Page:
Monday, June 02, 2003
Lodi activist Natalie Reyes moves away after six years of fostering diversity
When Natalie Reyes, 76, moved to Lodi six years ago, she was ready to settle in.
She became active in the local community, promoting racial unity and diversity through her Baha'i faith and involving herself in such organizations as Police Partners and the Community Concert Association.
But Reyes could not economically afford to live in Lodi.
Despite Social Security benefits and a part-time job, she moved to Petal, Miss., yesterday, where she purchased an acre of land containing a 2,300-square foot, three bedroom and two bathroom house.
Her house payments in Mississippi will be half the amount of her rent in Lodi.
"Home is where I hang my hat, even though I don't wear a hat," Reyes said.
"But I am hopeful that Mississippi will be my last move."
Reyes has hung her hat many places. When she became serious about Baha'i in her early 20s, she developed a desire to travel through the United States to introduce her faith to people unfamiliar with it.
She was born in Denver, Colo., and moved to Red Bluff when she was 18. From Red Bluff she moved to San Jose, and then lingered through Kansas, Illinois, Florida and Wyoming over the course of 30 years. Finally in 1995, after a Baha'i pilgrimage to Israel, Germany and Great Britain, she moved to Lodi.
One of her primary goals in moving to Lodi, with a Baha'i community of three people at the start of her residency, was to inform community members of the existence of Baha'i and encourage investigation into the principles of racial and religious unity it offered.
The Race Unity Picnic was one of the first informational activities she and the Lodi Baha'i community planned.
The picnic, which is going on its seventh year, promotes the celebration of diversity in the Lodi community through international music and dance presentations, hot dogs and a proclamation of purpose by the mayor.
Additionally, throughout her stay in Lodi, Reyes set up Baha'i exhibits at the Lodi Public Library, the Lodi News-Sentinel, the Celebration on Central and the Lodi Street Fair. These exhibits focused on Baha'i history and philosophy promoting "the unity of mankind," and championing the phrase, "there is no room in my heart for prejudice."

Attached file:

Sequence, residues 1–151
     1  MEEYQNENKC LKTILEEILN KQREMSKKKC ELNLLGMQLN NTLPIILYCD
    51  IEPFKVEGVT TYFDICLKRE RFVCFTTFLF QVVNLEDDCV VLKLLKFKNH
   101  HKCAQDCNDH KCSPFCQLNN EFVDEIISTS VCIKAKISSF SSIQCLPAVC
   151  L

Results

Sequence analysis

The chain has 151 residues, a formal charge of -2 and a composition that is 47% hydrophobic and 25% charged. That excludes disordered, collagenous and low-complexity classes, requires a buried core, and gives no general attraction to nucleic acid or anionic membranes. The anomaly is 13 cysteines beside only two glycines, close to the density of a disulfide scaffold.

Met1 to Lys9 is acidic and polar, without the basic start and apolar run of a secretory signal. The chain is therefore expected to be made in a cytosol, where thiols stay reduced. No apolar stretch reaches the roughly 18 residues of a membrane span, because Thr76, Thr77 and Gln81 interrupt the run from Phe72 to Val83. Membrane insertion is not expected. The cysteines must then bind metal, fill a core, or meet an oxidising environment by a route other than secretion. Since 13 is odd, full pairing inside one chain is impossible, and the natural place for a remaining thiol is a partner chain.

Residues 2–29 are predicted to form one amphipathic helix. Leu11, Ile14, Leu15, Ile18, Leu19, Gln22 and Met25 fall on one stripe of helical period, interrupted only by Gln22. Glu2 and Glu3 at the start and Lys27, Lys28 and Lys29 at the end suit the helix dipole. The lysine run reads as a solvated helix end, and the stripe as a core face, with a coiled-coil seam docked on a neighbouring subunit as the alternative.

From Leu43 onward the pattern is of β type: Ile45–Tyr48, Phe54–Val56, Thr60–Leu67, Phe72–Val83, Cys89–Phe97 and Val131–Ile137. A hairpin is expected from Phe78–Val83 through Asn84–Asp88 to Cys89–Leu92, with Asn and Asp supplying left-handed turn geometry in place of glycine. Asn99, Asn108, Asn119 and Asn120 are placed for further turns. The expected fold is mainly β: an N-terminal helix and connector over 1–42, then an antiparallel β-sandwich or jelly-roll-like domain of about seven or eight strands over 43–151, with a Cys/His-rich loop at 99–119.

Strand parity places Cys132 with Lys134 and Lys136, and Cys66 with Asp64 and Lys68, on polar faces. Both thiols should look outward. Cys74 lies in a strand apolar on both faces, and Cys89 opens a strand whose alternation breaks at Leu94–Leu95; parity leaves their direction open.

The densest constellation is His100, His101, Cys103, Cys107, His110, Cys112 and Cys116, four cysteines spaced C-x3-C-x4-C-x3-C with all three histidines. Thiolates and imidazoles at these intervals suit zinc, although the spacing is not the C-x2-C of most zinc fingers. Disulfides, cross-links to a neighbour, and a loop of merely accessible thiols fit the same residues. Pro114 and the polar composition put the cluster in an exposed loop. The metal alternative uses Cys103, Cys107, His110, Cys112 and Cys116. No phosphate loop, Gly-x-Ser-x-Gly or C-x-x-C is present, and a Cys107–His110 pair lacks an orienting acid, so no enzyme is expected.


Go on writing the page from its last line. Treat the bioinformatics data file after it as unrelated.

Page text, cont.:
In 1998, after the cross burning at Tokay High School, Reyes became directly involved in the reconciliation that followed through the Breakthrough Project. She became a member of the project's education committee -- responsible for enlightening the community of the need for and benefits of racial unity.
Reyes also volunteered at least 16 hours of her month to complete clerical work for Police Partners of Lodi and participated in a community wellness program called the Coronary Health Improvement Project, which promoted lifestyle and diet changes.
Perhaps she was most influential as the three-year publicity chairman for the Community Concert Association of Lodi. She became involved in the CCA after noticing a lack of young people at the concerts she attended. Her involvement helped spur matinee concerts specifically designed to reach school-aged children.
"Natalie was a very efficient publicity chairman," said E. J. McCaughna, the three-year president and five- year member of the CCA, adding that she had good ideas and efficiently promoted events.
While Reyes was a member of the Lodi community for only six years, she built a niche and reputation for herself that cannot be ignored.
"I am grateful for the wonderful friendships and support I've had," she said. "I hope that the people of Lodi continue their present efforts to unite and recognize diversity."
©Copyright 2003, Lodi News-Sentinel (CA, USA)
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